The medical word for palpitations is arrhythmia (pronounced 'ay-rith-me-ar') meaning a change in the beating rhythm of the heart.

All of us feel the heart pounding away when we have to run for a bus, have seen an exciting film or had a fright: this is the normal response to exertion or excitement which causes the adrenaline in the blood to increase and stimulate the heart to beat faster. Being aware of the heartbeat, when there is no obvious explanation, can be alarming and lead to anxiety and panic, all of which makes the situation worse.

What doctors mean by palpitations is an undue awareness of the heartbeat. People see it in less matter-of-fact terms: 'missed beats', 'big beats', 'pounding', 'fluttering', 'as if my heart was going to jump out of my chest' are some of my patients' descriptions. Underlying these sensations the questions really bothering people are:

• Am I going to die?

• Will I have a heart attack?

• Will my heart stop beating?

• Will it damage me?

First, it is very rare for any form of palpitations to be dangerous or life-threatening. It is true that they are frightening and the fear can make them worse, but, for most people, all they have to fear is the fear, because palpitations do not usually mean disease.

For the vast majority of people, palpitations are just one of the ways that stresses and strains on the body show themselves, so they tend to be more common in people experiencing stress at home or work, in those with family anxieties and in those who are run down or overworked.


I often feel that my heart has missed a beat. Is this serious?

Missed beats are a common sort of palpitation and are invariably harmless. They can be brought on by too much caffeine, for example in tea, coffee, Coca-Cola or chocolate. Of these, coffee is by far the most important source of caffeine. Sometimes alcohol is the cause. If there is another disease present, missed beats may well be important, for example after a heart attack (see your doctor if you get these), but in 9 out of 10 people the heart is sound.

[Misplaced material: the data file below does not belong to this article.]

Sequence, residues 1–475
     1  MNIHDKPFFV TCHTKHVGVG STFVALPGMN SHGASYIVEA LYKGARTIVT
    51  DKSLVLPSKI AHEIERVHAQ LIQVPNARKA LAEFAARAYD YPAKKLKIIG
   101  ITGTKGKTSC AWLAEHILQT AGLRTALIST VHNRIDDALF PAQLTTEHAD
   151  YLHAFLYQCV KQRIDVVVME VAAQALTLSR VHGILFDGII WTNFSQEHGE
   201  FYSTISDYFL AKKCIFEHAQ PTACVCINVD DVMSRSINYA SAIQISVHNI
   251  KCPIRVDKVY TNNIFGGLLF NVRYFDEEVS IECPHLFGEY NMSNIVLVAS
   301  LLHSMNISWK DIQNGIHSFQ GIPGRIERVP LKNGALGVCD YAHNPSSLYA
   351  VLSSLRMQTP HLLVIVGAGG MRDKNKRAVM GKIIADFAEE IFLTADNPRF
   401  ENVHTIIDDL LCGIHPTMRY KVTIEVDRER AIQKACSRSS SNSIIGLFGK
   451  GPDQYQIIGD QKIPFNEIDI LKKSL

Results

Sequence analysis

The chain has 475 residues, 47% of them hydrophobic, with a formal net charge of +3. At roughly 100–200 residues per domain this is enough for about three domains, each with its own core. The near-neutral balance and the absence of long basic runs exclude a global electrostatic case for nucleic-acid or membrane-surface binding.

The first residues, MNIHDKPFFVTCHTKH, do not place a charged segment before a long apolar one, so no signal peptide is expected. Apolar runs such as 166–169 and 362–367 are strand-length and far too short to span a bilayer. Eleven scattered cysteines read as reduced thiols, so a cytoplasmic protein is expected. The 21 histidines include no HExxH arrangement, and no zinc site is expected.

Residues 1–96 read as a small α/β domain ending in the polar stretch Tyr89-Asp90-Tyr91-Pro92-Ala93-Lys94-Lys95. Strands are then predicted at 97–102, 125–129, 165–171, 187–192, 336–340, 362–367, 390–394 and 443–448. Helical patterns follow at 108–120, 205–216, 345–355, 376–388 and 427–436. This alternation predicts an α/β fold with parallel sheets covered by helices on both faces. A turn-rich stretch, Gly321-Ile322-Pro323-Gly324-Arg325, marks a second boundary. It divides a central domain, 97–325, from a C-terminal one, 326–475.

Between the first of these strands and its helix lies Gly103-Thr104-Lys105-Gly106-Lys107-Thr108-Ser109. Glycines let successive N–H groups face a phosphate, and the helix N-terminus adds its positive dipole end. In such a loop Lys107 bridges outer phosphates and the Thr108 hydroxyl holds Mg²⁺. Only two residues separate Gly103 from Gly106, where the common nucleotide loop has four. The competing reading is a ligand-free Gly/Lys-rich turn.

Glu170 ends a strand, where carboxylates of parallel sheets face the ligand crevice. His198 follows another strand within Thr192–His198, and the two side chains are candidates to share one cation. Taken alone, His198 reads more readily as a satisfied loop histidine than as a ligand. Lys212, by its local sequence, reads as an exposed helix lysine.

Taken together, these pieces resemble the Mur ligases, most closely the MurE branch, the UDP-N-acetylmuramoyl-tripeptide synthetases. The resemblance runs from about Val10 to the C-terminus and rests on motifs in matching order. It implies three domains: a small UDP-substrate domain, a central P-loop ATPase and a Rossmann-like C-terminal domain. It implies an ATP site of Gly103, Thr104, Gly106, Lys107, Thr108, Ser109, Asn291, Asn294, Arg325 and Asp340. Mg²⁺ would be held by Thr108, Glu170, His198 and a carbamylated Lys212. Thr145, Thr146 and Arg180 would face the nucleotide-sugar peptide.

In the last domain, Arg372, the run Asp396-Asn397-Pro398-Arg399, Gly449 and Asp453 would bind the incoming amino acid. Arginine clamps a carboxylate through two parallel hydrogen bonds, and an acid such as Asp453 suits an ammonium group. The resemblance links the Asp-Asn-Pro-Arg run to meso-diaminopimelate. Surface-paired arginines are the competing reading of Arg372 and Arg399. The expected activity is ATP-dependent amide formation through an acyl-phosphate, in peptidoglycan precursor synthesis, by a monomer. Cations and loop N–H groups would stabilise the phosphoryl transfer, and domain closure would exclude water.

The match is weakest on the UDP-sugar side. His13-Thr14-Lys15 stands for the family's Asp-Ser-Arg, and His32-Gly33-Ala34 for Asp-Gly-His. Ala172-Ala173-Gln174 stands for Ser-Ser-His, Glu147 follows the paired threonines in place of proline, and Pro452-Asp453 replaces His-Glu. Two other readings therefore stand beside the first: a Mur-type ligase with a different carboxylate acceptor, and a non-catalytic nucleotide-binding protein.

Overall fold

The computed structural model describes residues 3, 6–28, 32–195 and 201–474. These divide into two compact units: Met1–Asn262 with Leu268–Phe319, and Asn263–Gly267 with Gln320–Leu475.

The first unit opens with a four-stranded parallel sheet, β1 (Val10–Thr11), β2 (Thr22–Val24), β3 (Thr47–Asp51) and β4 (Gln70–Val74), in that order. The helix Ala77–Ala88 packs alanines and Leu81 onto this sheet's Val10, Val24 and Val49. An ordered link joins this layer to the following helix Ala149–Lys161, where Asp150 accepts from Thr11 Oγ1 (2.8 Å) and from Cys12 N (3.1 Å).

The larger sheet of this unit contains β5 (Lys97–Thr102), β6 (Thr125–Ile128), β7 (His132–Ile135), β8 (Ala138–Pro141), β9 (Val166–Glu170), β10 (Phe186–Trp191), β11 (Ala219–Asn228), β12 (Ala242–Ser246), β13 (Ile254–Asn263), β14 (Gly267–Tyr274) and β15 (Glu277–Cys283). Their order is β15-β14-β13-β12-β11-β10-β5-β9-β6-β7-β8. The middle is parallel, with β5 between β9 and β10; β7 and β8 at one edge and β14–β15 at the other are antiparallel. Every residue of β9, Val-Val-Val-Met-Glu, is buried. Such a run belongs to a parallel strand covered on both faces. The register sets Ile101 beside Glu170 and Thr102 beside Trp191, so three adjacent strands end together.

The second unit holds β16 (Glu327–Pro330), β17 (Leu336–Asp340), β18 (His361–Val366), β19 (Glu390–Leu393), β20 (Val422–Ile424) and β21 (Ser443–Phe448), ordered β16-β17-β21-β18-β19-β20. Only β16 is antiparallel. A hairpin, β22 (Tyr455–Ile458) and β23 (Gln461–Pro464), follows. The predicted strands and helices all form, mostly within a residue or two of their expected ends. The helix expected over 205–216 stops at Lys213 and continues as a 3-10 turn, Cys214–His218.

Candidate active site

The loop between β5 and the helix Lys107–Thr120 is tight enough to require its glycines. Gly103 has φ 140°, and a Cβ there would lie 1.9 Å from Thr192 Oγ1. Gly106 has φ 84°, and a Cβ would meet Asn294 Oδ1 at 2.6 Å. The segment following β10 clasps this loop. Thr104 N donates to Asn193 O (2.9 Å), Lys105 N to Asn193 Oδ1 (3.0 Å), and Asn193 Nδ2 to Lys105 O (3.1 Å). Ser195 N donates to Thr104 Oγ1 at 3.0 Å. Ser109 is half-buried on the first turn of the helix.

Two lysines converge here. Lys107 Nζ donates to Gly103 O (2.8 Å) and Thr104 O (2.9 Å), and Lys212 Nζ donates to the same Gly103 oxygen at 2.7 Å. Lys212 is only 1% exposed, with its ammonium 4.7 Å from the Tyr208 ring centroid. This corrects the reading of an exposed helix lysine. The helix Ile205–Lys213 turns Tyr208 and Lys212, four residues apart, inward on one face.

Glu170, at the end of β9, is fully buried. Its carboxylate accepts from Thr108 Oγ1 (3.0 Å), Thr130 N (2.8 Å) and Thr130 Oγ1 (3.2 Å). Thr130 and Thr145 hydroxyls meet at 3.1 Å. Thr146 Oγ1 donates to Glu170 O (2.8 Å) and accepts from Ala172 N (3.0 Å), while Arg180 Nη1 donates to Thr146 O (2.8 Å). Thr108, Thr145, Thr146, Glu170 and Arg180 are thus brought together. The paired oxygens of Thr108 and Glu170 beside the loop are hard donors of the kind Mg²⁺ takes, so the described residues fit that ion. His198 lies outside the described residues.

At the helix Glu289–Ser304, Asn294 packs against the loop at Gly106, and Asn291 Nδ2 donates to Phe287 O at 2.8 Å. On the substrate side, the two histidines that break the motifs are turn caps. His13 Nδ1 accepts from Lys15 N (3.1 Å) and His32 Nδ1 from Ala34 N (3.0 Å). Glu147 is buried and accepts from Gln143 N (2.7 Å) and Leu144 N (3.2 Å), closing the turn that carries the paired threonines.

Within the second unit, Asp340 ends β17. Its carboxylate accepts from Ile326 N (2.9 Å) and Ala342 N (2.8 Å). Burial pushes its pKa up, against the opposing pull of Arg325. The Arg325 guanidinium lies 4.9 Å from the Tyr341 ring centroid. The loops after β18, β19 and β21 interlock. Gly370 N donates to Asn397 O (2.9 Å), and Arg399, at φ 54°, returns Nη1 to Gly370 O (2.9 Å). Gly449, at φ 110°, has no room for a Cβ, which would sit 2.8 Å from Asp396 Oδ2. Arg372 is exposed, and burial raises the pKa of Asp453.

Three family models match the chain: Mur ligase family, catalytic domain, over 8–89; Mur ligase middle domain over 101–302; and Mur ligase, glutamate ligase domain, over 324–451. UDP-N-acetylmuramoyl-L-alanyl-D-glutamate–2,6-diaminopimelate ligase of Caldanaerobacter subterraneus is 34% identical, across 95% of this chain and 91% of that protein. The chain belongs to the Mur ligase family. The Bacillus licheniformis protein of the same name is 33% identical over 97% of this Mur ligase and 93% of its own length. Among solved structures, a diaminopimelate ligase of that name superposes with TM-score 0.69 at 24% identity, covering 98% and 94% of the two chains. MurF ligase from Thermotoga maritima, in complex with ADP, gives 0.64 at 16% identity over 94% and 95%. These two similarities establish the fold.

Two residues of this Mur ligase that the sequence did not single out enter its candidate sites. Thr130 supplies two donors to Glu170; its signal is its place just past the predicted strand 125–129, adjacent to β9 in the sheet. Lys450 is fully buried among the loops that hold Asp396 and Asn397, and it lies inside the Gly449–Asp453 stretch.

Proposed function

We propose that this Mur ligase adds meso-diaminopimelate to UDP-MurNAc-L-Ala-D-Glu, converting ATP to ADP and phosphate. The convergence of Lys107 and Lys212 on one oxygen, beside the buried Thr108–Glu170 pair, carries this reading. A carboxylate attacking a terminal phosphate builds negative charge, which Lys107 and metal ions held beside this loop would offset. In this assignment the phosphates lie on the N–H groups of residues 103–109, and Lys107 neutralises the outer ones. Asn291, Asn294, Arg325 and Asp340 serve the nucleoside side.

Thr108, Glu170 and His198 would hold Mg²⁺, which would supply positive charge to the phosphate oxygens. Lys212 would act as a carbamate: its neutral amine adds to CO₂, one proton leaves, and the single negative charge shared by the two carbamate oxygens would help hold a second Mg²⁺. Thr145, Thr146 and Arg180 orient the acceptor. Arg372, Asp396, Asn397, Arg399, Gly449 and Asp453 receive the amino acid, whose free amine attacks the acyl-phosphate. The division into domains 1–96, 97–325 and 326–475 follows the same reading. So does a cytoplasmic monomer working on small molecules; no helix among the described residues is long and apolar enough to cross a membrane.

I drink rather a lot of coffee. I have heard that caffeine is bad for the heart and I must admit that sometimes I feel that my heart has missed a beat. Am I about to have a heart attack?

The control of the heart is like an electric circuit with a master switch. Occasionally, short circuits cause extra beats but the master switch is always in charge, even though it lets one or two extra beats escape. You may feel this more when your heart is slow, or when you are resting or just before going to sleep. It can also occur when the heart has been stimulated by caffeine, alcohol, stress, or as a side effect of medication, such as inhalers for asthma. The extra beat arrives early and there is then a pause (the missed beat) whilst the next normal beat comes along. The extra beat may not be felt ('as if the heart skips a beat') but, after the pause, the pump of the heart will be fuller than usual, so the next normal beat will feel like a big beat -a 'kick' or a 'thump'. A beat hasn't really been missed, it just feels like it, and the big beat is the heart making up for the one that came a bit early. This is not dangerous - the heart is compensating for the early beat.